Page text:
“DP-Day will merely mark the end of the beginning of a very long journey for the data protection community.”
May 25th 2018 is looming large in the eyes of many B2B marketers wishing to promote their wares in the EU. But as UK Information Commissioner Elizabeth Denham said in her speech to the IAAP recently, this is only the beginning.
And while the General Data Protection Regulation (GDPR) is garnering all the headlines at the moment, B2B marketers must continue to pay attention to a whole raft of national data privacy laws, such as:
- Belgium – The Code of Economic Law, and the Royal Decree of 4 April 2003 regulating advertising by email
- Germany – The German Act Against Unfair Practices 2004 (UWG) and the revised German Telecommunications Act
- UK – The Privacy and Electronic Communications (EC Directive) Regulations 2003 (PECR)
Over time, these will be largely replaced by the EU’s ePrivacy v.2 legislation, but in the meantime national legislation continues to apply.
Rhetorik, in collaboration with its European EMIG partners, have published a white paper covering these regulations in some detail, and what they mean for B2B marketers. If you would like a copy of the white paper, please request it via our Contact form.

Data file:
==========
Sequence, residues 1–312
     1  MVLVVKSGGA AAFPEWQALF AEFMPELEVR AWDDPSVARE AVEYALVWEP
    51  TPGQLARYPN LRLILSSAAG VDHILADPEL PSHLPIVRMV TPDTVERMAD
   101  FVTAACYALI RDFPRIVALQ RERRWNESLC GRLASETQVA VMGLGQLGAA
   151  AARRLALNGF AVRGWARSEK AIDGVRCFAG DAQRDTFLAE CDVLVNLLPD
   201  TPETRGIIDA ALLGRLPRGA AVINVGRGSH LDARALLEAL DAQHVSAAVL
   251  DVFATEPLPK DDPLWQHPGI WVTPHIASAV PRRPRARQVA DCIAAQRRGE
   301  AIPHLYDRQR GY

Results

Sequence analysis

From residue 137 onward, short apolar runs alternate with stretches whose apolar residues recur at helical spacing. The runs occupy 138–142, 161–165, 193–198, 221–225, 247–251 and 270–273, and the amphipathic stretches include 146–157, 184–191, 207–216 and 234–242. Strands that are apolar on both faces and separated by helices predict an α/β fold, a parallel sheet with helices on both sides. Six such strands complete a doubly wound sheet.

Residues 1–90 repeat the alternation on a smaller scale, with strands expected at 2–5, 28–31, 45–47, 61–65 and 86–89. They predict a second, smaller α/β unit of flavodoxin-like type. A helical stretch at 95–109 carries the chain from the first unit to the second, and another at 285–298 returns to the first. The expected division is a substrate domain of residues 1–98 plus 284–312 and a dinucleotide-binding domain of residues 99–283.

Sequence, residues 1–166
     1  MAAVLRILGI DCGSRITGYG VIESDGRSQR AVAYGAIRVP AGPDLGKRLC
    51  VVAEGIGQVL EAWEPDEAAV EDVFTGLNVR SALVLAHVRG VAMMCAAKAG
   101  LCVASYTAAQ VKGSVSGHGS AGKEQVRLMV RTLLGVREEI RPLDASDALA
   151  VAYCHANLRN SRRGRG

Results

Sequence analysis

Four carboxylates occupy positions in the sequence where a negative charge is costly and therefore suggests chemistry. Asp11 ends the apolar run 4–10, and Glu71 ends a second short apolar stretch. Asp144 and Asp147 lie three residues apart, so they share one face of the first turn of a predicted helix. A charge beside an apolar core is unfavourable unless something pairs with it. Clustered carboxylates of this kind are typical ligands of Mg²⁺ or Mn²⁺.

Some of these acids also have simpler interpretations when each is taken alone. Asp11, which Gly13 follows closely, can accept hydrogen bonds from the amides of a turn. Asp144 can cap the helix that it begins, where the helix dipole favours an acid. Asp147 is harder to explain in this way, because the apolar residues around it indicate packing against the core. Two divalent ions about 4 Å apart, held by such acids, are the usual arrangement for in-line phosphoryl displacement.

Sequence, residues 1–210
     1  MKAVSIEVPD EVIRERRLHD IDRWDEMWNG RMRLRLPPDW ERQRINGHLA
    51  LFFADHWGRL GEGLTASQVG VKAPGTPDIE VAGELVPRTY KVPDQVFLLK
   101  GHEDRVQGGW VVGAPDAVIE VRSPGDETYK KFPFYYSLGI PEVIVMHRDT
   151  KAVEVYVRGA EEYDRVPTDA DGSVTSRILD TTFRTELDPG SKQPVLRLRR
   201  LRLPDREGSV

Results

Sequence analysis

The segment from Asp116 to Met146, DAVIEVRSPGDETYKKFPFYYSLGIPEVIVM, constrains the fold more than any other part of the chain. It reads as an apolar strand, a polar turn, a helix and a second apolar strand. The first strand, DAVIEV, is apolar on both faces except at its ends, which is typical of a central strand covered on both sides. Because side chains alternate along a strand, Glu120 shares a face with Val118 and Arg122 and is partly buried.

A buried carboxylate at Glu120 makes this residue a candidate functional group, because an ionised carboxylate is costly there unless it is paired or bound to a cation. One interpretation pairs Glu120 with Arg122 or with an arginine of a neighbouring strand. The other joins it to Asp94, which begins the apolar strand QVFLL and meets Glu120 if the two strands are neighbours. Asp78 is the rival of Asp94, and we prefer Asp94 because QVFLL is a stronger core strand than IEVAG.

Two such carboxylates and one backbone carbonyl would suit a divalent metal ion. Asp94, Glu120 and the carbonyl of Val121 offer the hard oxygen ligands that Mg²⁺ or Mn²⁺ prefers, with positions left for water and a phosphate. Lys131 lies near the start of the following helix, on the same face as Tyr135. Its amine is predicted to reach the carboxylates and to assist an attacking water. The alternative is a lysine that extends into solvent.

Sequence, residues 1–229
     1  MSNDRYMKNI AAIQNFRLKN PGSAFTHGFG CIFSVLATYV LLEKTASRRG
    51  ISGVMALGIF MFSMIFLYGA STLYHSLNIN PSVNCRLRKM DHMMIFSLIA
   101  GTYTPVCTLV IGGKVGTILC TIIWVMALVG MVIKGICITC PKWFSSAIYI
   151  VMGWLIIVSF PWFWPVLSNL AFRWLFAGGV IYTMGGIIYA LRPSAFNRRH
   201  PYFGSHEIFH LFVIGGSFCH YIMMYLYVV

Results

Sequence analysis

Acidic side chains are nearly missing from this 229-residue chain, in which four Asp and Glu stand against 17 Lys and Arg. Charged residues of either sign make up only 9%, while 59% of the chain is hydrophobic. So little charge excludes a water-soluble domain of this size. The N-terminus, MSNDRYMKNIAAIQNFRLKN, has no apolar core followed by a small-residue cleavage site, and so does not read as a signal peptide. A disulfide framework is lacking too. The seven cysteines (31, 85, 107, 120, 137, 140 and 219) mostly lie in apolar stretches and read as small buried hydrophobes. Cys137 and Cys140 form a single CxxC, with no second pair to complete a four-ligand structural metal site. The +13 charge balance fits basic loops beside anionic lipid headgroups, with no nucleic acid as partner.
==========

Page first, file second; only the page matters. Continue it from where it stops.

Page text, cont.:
Looking at Germany as an example of some of the complexities involved, the Thomson Reuters Practical Law site has this to say:
“In line with the E-Privacy Directive (Directive 2002/58/EC), email marketing and advertising generally require the customer’s prior express consent under the German Act against Unfair Trade Practices.”
In addition, the German Federal Court of Justice has expressly stated that assumed consent does not satisfy the requirements for email marketing.”
There are some instances where email marketing without express consent is allowed, but essentially what every German marketer knows is that specific opt-in consent is required for B2B email marketing.